The purpose of the Queen’s Nursing Institute (QNI) is to improve and enhance the care of people in their own homes and communities. We campaign on issues which are relevant to our charitable purpose, we conduct activities which help to deliver our purpose and we always base our work on robust evidence.
However, the recent government decision to implement wholesale changes to nurse education, starting with the September 2017 intakes, is not based on evidence from consultation with all stakeholders.
If there had been prior engagement on the possible options for the future of nurse education and the implications of each – rather than a decision to simply remove the bursary and introduce tuition fees – we may not be where we are now: standing on a precipice looking into the dark chasm of uncertainty below. Nurse education is facing an unknown future, and one which may ultimately lead to the destabilisation of the NHS.
The QNI responded to the Department of Health consultation on the impact of the reforms and we sent an open letter which summarised our main concerns. We have asked for a pause in the process, a proper consultation, consideration of all viable options and the impact of all this on patient safety. We urgently need an exploration of available evidence on the options before a final decision is made.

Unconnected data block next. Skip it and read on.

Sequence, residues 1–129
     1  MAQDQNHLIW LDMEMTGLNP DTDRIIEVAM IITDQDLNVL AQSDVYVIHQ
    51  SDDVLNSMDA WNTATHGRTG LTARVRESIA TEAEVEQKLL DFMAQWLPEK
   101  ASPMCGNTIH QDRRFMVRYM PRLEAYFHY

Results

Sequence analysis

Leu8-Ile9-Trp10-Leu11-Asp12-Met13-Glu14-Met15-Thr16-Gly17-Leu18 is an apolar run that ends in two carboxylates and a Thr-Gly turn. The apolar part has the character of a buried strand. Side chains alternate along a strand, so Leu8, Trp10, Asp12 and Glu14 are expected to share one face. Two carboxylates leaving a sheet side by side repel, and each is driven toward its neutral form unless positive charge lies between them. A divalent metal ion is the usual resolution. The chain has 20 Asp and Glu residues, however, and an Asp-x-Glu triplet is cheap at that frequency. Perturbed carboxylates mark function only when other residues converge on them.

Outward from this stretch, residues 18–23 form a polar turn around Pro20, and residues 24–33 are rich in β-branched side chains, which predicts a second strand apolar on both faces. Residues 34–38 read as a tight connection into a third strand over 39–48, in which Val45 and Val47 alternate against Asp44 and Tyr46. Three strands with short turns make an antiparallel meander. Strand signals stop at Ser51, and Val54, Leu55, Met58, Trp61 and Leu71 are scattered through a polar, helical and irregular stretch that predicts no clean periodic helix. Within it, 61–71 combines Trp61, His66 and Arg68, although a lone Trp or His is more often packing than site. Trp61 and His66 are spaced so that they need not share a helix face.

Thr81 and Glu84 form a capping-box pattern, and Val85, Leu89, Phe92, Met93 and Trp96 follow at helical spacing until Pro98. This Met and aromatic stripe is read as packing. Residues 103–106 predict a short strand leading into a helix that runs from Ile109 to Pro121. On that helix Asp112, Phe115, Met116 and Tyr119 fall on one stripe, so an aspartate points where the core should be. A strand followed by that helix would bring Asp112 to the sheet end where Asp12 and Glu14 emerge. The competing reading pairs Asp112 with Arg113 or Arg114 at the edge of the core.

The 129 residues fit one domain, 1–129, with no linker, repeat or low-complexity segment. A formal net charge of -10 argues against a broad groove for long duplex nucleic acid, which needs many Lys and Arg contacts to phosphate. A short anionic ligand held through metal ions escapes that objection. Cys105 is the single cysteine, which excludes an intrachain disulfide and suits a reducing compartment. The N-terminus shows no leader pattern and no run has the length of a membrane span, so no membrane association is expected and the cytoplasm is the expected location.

This is nothing less than what we teach our nursing students: evidence-based practice is knowing and understanding the reasons for the way in which we deliver care. We also need to understand the context in which this momentous change is being implemented – where a potential shortage of student nurses leads to a shortage of registered nurses, compounded by a likely reduction in the number of European nurses working in our NHS.
In September 2017, Health Education England is also withdrawing funding for programmes leading to specialist and advanced nursing qualifications, which includes district nursing, health visiting, school nursing, general practice nursing, independent prescribing, advanced practice and nurse practitioner.
Patient safety is at risk if we cannot guarantee a supply of registered nurses nor those with the appropriate specialist and advanced qualifications to meet patient need. After the nursing unit at the Department of Health is disbanded later this year, who will provide the independent, evidence-based advice to ministers when making decisions on the future of our profession?
Crystal Oldman, chief executive, Queen’s Nursing Institute